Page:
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N1972U accident description

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Tail numberN1972U
Accident dateJuly 01, 2006
Aircraft typeCessna A185E
LocationClear Lake, MN
Near 45.444444 N, -93.971111 W
Additional details: None

NTSB description

On July 1, 2006, at 0953 central daylight time, a Cessna A185E amphibian airplane, N1972U, piloted by a private pilot, was substantially damaged when it nosed over while landing on runway 18 at Leaders/Clear Lake Airport (8Y6), Clear Lake, Minnesota. Visual meteorological conditions prevailed at the time of the accident. The personal flight was operating under the provisions of 14 Code of Federal Regulations Part 91 without a flight plan. The pilot sustained minor injuries. The passenger died on July 23, 2006, as result of injuries sustained in the accident. The flight departed Jorgensen's Landing Seaplane Base (MY34), Prior Lake, Minnesota, at 0915.

Runway 18/36 (3,000 feet by 150 feet) consisted of turf, loose gravel and asphalt surface materials. The first portion of runway 18 was turf (700 feet by 150 feet). There was a gravel strip (400 feet by 20 feet), followed by an asphalt strip (1,900 feet by 20 feet) along the center of the remaining portion of the runway. The airplane touched down and subsequently nosed over in the turf area immediately following the runway threshold.

The airplane was equipped with amphibious floats. Each float was configured with a retractable landing gear system that comprised of a main gear and a forward gear.

The pilot stated that he circled the airport to observe the runway and wind direction. The pilot reported flying a normal traffic pattern. The pilot stated that during the landing the airplane initially touched down on the main landing gear, while he held the forward landing gear off the ground. The pilot reported that when the forward landing gear touched down the airplane "flipped onto its back."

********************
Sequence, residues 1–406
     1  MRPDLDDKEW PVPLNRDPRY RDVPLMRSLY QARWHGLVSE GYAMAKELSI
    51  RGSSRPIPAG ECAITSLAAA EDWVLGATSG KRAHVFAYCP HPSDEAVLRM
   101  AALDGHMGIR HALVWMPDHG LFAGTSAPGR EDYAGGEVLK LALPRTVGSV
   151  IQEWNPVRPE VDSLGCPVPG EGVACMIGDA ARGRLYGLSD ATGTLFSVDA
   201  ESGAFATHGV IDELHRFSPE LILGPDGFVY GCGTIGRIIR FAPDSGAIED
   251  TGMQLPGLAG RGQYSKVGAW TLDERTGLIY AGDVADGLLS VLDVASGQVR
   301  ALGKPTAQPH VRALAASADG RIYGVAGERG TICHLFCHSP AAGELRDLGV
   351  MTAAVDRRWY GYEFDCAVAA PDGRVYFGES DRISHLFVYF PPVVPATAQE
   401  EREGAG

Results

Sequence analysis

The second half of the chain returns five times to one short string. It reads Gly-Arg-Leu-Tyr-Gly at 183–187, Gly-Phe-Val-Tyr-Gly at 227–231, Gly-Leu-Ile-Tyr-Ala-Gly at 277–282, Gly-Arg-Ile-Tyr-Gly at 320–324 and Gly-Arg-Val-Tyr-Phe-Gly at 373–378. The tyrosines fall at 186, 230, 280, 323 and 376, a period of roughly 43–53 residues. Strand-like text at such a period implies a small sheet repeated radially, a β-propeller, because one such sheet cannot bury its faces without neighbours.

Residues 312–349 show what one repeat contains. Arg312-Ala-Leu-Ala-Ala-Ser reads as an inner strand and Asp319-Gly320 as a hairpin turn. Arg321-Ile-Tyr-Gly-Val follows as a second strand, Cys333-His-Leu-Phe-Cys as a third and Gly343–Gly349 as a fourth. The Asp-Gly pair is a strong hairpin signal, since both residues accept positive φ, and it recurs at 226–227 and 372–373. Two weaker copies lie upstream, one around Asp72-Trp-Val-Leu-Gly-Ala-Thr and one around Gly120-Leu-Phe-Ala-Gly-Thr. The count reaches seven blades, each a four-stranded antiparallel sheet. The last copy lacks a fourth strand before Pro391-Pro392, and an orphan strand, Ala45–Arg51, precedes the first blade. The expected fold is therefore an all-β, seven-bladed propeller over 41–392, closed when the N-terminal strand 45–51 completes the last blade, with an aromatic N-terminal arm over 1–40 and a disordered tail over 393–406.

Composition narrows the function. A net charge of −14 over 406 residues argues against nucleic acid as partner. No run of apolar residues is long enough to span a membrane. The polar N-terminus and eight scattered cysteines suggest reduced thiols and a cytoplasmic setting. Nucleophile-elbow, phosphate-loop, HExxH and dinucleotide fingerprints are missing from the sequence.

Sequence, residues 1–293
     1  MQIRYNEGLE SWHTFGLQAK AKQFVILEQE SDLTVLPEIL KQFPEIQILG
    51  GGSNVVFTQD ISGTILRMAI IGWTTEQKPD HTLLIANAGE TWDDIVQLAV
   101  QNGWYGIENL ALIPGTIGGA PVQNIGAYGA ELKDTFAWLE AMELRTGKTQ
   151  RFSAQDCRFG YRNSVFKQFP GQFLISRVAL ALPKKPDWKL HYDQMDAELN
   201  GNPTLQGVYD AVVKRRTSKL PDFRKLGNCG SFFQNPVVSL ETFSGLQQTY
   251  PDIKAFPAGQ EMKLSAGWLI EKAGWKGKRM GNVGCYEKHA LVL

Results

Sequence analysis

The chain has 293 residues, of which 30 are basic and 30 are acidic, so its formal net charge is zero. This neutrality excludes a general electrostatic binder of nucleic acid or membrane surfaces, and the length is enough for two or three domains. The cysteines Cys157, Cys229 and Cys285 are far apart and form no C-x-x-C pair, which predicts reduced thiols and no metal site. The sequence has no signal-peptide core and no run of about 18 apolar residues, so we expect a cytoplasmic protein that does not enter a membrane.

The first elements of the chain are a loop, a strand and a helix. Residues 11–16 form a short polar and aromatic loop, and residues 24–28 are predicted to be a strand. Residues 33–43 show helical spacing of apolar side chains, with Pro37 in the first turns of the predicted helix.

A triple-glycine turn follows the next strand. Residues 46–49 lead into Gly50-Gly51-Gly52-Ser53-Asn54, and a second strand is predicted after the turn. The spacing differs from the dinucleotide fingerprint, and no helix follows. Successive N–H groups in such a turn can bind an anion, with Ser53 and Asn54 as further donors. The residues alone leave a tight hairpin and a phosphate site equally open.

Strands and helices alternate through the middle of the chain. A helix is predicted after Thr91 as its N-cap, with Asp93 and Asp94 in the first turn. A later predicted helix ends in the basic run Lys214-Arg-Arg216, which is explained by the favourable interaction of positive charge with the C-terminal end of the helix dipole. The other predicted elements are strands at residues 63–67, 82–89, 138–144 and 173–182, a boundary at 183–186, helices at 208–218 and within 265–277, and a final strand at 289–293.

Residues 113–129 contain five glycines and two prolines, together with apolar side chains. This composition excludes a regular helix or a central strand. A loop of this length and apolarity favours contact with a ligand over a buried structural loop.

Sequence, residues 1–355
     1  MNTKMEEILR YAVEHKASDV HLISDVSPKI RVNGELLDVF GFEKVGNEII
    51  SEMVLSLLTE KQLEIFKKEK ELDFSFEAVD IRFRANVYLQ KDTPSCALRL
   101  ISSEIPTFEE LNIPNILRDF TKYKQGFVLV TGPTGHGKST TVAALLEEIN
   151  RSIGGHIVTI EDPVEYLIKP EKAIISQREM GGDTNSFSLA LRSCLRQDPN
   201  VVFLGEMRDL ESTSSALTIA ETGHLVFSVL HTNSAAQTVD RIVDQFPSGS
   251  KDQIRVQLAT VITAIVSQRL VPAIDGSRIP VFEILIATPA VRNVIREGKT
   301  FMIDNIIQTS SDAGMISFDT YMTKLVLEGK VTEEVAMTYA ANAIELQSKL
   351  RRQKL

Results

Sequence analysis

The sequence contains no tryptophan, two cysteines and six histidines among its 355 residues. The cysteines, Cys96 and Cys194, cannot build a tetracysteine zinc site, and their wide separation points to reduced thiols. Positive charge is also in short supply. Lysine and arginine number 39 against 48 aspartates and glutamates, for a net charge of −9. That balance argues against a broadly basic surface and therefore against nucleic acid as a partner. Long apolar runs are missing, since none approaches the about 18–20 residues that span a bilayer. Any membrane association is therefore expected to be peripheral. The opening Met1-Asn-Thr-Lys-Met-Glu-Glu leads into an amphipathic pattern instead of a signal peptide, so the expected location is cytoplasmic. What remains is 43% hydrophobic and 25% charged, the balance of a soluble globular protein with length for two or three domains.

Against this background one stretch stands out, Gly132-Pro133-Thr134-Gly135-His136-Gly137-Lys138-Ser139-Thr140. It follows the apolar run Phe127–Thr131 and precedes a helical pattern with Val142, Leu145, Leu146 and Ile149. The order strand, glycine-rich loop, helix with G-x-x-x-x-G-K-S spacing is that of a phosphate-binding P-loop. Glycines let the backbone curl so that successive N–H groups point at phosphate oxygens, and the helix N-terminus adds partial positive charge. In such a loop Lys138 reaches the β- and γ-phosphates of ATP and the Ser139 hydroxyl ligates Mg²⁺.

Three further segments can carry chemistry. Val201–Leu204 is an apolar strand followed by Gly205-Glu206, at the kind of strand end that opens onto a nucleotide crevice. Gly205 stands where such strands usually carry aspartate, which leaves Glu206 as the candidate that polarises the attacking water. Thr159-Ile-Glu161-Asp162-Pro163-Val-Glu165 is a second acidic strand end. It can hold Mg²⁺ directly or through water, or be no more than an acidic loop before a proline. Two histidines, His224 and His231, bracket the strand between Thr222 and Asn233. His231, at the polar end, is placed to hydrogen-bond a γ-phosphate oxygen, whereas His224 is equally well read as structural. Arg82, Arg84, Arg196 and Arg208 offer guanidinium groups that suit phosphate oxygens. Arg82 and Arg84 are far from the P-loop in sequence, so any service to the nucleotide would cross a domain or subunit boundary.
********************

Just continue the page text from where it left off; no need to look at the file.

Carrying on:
First responders reported that they found the airplane upside down, facing north. Local authorities reported that the airplane was located in the grass area prior to the gravel and asphalt sections of the runway. There were two distinct ground scars leading up to the main wreckage. The width between the two ground scars was consistent with the width between the airplane's two floats. Relative to the runway direction, the right and left ground scars were 103 and 92 feet long, respectively.

At 0953, the automated weather observation system at St. Cloud Regional Airport (STC), located 7.2 nautical miles northwest of 8Y6, reported the winds were from 270 at 9 knots.

The pilot stated that "no cones were observed" marking the runway threshold. Photographs taken after the accident show several yellow cones marking the runway threshold. The airport manager stated that the cones were present at the time of the accident.

(c) 2009-2011 Lee C. Baker. For informational purposes only.